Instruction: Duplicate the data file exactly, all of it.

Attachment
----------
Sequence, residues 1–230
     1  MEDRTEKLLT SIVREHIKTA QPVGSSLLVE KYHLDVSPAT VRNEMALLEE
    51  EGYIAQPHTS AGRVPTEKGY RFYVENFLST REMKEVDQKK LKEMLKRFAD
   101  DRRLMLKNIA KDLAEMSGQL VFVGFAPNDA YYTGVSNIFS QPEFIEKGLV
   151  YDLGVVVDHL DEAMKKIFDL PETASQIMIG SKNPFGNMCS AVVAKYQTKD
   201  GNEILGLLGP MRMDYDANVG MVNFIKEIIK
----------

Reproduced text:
Sequence, residues 1–230
     1  MEDRTEKLLT SIVREHIKTA QPVGSSLLVE KYHLDVSPAT VRNEMALLEE
    51  EGYIAQPHTS AGRVPTEKGY RFYVENFLST REMKEVDQKK LKEMLKRFAD
   101  DRRLMLKNIA KDLAEMSGQL VFVGFAPNDA YYTGVSNIFS QPEFIEKGLV
   151  YDLGVVVDHL DEAMKKIFDL PETASQIMIG SKNPFGNMCS AVVAKYQTKD
   201  GNEILGLLGP MRMDYDANVG MVNFIKEIIK